The Daily Tar Heel

Serving the students and the University community since 1893

Friday December 2nd

Baseball Looks Back, Eyes No. 1 Tigers

After dropping two games to Wake Forest last weekend, the Tar Heels look to rebound in ACC play against Clemson.

It's back to the future for the North Carolina baseball team.

Three weeks ago, the No. 21 Tar Heels proved they could stand among the ACC's elite, rewriting history with their first ever sweep of Florida State.

"We feel we're one of the better teams in the country, and we know we can play with and compete against the best," said center fielder Adam Greenberg on Wednesday, referring to the March series.

But as No. 1 Clemson comes to town this weekend for a three-game set, it's all the Tar Heels can do to make like a tree and leave -- the FSU series in the past.

"As soon as those games were over, I tried to make the guys forget about them," said UNC coach Mike Fox. "But everybody keeps bringing it up, saying, 'Look what you did.' We have to put that behind us."

Any lingering memories of outscoring FSU 27-9 had best be behind UNC

(24-11, 9-3 in the ACC) by 7 p.m. Friday.

Shortly thereafter, righthander Steve Reba will take the mound for Clemson (28-3, 5-1) and attempt to extend his personal winning streak to 13 games.

"We think we can do well against (Reba)," Fox said. "We hit him well both times we faced him last year."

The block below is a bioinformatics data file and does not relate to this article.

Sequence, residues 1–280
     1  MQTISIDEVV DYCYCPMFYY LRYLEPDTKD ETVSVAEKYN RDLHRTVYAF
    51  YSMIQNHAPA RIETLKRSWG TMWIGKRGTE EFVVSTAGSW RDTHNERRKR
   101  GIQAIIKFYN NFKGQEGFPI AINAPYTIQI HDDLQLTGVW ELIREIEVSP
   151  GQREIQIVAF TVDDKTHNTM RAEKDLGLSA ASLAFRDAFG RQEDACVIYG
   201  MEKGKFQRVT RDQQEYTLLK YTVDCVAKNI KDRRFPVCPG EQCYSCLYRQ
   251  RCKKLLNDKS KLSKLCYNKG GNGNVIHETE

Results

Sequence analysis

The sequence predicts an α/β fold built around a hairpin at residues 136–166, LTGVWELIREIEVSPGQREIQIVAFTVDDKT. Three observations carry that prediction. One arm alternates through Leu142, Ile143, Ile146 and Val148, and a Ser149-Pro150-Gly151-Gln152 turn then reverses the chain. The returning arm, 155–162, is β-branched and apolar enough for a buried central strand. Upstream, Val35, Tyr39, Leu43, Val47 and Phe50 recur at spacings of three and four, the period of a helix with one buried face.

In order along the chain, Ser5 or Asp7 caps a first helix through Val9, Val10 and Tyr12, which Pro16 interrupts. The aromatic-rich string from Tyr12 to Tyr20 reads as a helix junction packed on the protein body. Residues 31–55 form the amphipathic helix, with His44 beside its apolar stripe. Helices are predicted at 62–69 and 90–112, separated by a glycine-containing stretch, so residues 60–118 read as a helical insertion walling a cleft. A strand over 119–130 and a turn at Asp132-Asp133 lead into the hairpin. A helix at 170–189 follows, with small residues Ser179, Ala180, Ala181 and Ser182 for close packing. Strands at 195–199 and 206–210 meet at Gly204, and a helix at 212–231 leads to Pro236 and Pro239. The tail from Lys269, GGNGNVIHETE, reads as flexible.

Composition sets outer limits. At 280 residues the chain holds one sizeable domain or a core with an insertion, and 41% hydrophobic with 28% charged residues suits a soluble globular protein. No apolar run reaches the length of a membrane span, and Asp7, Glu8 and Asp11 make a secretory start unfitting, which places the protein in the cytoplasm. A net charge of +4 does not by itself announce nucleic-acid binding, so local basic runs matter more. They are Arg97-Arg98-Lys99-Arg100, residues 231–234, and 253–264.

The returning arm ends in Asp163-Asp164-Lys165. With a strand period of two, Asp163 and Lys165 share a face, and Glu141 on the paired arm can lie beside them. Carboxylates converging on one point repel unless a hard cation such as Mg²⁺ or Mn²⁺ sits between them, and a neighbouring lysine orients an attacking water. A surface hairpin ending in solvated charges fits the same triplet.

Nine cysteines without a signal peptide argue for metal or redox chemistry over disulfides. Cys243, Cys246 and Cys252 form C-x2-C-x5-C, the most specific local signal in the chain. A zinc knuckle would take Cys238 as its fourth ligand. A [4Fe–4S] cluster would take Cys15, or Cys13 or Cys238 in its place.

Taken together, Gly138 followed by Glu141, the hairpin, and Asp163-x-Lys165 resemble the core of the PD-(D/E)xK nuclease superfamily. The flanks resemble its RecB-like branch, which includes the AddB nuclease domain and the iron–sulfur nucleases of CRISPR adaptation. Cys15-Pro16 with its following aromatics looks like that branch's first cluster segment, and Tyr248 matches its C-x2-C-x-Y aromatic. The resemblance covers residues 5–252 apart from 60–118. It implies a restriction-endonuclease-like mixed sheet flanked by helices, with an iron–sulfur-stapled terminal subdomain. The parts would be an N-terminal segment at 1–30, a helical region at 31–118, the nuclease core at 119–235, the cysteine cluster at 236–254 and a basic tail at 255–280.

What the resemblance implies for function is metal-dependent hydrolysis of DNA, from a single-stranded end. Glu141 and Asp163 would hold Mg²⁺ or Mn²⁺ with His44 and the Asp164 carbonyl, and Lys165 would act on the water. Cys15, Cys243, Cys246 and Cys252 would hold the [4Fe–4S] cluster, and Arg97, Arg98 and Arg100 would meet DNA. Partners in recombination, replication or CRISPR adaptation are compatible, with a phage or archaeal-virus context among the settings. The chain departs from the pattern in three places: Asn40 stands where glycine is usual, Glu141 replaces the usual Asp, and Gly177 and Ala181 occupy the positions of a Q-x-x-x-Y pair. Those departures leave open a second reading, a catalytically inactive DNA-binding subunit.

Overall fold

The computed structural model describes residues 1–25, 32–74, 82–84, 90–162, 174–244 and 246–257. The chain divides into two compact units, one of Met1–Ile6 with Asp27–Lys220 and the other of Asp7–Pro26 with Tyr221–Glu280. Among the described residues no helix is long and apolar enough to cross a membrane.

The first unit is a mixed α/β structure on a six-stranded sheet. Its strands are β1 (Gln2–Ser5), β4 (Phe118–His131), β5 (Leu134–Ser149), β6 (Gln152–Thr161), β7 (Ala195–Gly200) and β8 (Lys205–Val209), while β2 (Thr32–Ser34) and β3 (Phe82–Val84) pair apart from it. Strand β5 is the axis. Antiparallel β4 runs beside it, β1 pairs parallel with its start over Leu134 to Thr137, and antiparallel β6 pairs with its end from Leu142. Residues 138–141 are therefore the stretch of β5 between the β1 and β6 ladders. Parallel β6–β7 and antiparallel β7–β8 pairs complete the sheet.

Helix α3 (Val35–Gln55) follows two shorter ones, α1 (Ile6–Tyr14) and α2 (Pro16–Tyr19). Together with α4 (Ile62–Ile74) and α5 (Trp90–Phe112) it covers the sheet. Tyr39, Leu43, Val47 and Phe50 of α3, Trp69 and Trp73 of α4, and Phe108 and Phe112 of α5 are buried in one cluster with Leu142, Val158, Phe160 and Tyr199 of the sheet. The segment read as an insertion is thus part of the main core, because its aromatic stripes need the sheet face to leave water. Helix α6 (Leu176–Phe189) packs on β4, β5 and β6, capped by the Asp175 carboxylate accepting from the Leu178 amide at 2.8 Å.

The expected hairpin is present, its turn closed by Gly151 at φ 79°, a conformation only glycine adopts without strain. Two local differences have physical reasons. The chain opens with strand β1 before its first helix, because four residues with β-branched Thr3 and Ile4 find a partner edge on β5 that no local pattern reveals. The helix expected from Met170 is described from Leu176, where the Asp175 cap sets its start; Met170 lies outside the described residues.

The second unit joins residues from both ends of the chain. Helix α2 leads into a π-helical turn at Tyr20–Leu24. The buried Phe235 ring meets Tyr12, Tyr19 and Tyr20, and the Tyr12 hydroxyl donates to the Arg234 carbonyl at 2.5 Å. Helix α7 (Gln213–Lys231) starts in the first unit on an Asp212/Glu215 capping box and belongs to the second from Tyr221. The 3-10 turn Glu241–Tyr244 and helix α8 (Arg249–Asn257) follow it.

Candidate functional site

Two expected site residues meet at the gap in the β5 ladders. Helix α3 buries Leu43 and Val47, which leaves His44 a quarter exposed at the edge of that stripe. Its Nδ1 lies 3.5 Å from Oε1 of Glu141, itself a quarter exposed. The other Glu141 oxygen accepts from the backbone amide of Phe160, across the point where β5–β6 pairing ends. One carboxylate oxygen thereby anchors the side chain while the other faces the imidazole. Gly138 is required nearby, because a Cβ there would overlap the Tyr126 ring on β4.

He'll be followed in the Tiger rotation by Matt Henrie (6-1, 2.08 ERA) and B.J. LaMura (3-0, 1.32), key contributors to Clemson's team ERA of 3.38, one far lower than UNC's (4.19).

The Tigers also hold a decisive hitting advantage, hitting .343 compared to the .316 average of the Tar Heels.

"I'd love to have a chance to face them," said UNC righty Scott Manshack. "But since I'm a long reliever, I shouldn't say that because I hope all our starters do well and pitch a lot of good innings."

The latter may be wishful thinking. While the Tar Heels pitching staff is much improved from a year ago, the Tigers feature a powerful lineup that Fox said can hit well "one through nine."

Of the nine, the big one is Khalil Greene, Baseball America's National Midseason Player of the Year, currently hitting .452 with 10 homers and 43 RBIs.

The shortstop has started 229 straight games for the Tigers since 1999. But after straining cartilage in his ribs against Georgia on April 9, he was relegated to a DH role a day later. His status for playing the field this weekend is uncertain.

If unable to play short, his fielding would be missed. His .963 fielding percentage is high -- only 11 points lower than Clemson's team average.

Despite the numerical inequalities, Fox said he feels confident that his team, which dropped two of three ACC games last weekend, matches up well.

"But feeling like you match up and then going out and playing like you do are two different things," Fox said. "You have to feel like you match up, and then you have to back it up with big play."

If the Tar Heels, which are 4-2 against ranked teams this season, defy the numbers again, they might find themselves in unfamiliar territory at the end of the weekend: the top of the ACC standings.

And to get there, you don't need roads.

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